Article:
“Andy … a very big, very angry, forty-year old man, though he was a Christian, had a history of violence that often got him into big trouble. When he flew into one of his frequent rages, he would likely throw furniture across the room, drive his fist through a wall, violently punch someone, to name a few things. He had spent time in jail for physically abusing his wife and children. He was like a hand grenade with the pin pulled, ready to go off at the slightest provocation. His Pastor and the Church Elders had confronted him and disciplined him in accordance with Matthew 18:15-20. He had received counselling and was involved in a men’s accountability group. Even though Andy was beginning to respond to the Lord’s discipline, his pastor, (admitting he was at his wits end with him), felt that still more help was needed: “I still sense a reservoir of rage just below the surface. Nothing seems to help. I’m afraid that one of these days soon, Andy might hurt someone again.” He took Andy to meet David Ferguson who discerned that underneath the anger, violence and rage that had ruled his life for so many years, he was really hurting. Just the mere mention of this to Andy caused his face to soften, as if the anger was being drained from him. David Ferguson continued, “In fact when I think about the magnitude of abuse that has poured out of your life, I’m convinced that there is an enormous amount of pain and hurt and fear inside you. And you have been dealing with it all alone.” This resulted in Andy breaking down in tears. The deep pain went back to a time when he was 9 years old and had been grabbed by some men in a park and sexually abused. He hadn’t been able to share this with anyone and for 30 years had carried his pain and shame alone, blaming himself for the humiliating abuse he had suffered (he had been late going home and so took a short cut through the park where it happened). This was the start of the Lord’s deep inner-healing taking place in Andy’s life.“The Great Commandment Principle” by David Ferguson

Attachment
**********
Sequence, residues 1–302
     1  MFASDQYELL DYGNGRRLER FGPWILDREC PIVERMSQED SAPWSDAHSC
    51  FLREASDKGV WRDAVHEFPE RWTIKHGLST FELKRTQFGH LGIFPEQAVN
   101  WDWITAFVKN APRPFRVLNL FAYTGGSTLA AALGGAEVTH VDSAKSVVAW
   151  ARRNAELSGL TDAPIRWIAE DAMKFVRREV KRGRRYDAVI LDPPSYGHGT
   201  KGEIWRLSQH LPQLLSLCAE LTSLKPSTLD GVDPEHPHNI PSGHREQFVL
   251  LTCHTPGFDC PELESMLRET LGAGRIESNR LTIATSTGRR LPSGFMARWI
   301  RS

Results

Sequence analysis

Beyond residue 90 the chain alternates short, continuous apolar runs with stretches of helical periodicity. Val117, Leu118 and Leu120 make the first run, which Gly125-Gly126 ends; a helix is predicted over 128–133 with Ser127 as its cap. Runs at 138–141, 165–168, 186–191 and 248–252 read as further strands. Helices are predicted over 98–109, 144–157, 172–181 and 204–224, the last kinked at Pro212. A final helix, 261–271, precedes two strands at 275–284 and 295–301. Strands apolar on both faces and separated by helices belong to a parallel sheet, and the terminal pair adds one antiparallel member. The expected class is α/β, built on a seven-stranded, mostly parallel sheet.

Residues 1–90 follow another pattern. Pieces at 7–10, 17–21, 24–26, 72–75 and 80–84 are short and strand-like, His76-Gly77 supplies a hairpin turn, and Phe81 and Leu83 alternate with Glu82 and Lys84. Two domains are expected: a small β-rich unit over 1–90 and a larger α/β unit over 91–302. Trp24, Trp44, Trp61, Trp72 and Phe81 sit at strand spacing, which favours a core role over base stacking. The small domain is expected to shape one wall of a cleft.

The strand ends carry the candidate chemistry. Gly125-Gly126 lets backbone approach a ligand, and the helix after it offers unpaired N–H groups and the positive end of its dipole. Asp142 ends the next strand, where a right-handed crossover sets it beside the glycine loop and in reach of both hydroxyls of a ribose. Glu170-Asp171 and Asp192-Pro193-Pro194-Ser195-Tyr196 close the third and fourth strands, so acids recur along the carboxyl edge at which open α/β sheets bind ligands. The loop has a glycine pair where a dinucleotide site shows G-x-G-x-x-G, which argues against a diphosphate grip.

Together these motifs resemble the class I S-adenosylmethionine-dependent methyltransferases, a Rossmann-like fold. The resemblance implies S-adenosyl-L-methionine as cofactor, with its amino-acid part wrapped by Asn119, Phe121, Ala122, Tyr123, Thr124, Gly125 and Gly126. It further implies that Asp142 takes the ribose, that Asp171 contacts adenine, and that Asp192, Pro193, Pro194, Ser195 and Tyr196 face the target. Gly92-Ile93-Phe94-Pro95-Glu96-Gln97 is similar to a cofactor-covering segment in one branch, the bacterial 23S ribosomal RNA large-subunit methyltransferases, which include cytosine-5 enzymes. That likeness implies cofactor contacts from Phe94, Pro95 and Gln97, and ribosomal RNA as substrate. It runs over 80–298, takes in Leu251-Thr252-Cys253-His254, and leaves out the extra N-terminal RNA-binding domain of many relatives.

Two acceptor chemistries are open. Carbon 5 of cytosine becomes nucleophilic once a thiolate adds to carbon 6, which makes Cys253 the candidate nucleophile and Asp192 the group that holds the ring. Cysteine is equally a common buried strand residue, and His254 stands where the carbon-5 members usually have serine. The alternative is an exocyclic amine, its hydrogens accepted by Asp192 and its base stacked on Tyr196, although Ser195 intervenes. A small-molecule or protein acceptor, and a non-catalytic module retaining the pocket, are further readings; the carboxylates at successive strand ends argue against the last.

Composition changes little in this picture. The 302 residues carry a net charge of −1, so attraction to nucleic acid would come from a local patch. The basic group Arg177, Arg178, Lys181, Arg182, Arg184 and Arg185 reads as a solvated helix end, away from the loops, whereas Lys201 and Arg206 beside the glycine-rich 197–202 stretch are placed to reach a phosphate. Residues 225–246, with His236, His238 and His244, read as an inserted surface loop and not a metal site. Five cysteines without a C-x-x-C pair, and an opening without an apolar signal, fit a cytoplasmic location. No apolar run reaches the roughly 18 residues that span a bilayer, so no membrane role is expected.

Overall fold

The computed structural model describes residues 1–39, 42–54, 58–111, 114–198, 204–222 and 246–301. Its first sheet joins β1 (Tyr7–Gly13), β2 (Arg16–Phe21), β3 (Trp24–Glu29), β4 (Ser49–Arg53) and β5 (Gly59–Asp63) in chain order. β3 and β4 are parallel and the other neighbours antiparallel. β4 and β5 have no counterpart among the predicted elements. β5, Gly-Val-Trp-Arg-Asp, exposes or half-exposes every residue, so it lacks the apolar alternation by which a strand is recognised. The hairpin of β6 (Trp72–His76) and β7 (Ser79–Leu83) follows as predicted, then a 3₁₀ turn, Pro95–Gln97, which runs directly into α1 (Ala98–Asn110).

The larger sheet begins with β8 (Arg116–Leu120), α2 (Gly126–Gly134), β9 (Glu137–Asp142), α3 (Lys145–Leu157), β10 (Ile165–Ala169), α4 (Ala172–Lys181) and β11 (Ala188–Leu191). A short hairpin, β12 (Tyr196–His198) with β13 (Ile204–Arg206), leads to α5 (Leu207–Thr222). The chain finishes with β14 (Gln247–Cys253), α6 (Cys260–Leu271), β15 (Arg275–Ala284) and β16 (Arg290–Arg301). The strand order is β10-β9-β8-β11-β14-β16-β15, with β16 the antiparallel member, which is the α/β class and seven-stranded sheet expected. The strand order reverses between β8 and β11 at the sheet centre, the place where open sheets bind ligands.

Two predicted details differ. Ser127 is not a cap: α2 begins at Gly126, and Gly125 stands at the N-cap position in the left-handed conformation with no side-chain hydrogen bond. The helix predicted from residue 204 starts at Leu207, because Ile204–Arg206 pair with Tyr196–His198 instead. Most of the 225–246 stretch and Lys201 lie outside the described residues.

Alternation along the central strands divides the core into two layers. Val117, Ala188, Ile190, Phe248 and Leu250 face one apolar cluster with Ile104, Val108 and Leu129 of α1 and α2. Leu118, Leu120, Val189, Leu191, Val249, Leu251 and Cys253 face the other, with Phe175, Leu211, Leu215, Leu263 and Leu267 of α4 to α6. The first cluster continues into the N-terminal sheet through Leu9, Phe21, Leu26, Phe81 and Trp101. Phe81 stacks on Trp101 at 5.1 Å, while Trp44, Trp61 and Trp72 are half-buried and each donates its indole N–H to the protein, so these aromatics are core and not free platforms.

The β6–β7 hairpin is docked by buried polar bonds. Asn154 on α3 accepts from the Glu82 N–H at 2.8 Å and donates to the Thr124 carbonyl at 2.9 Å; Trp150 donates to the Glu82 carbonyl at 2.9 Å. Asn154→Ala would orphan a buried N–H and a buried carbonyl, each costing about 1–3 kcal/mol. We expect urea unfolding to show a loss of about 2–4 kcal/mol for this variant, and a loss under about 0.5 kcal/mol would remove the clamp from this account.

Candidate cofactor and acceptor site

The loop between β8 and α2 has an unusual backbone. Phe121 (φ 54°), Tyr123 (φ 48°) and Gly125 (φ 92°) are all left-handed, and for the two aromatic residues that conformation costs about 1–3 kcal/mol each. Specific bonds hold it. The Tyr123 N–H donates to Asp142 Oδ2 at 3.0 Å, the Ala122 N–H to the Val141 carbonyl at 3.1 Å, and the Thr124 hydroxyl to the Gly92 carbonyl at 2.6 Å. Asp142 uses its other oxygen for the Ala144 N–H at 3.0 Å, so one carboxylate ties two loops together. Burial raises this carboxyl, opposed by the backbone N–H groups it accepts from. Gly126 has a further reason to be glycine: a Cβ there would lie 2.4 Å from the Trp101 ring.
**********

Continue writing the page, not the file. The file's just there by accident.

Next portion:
When you hear some people’s stories it is quite remarkable that they are still surviving. So much abuse, evil, violence, has gone into their lives and they don’t know how to share about it let alone handle it. It is true that hurting people hurt people. And it’s also true that people don’t care how much you know until they know how much you care.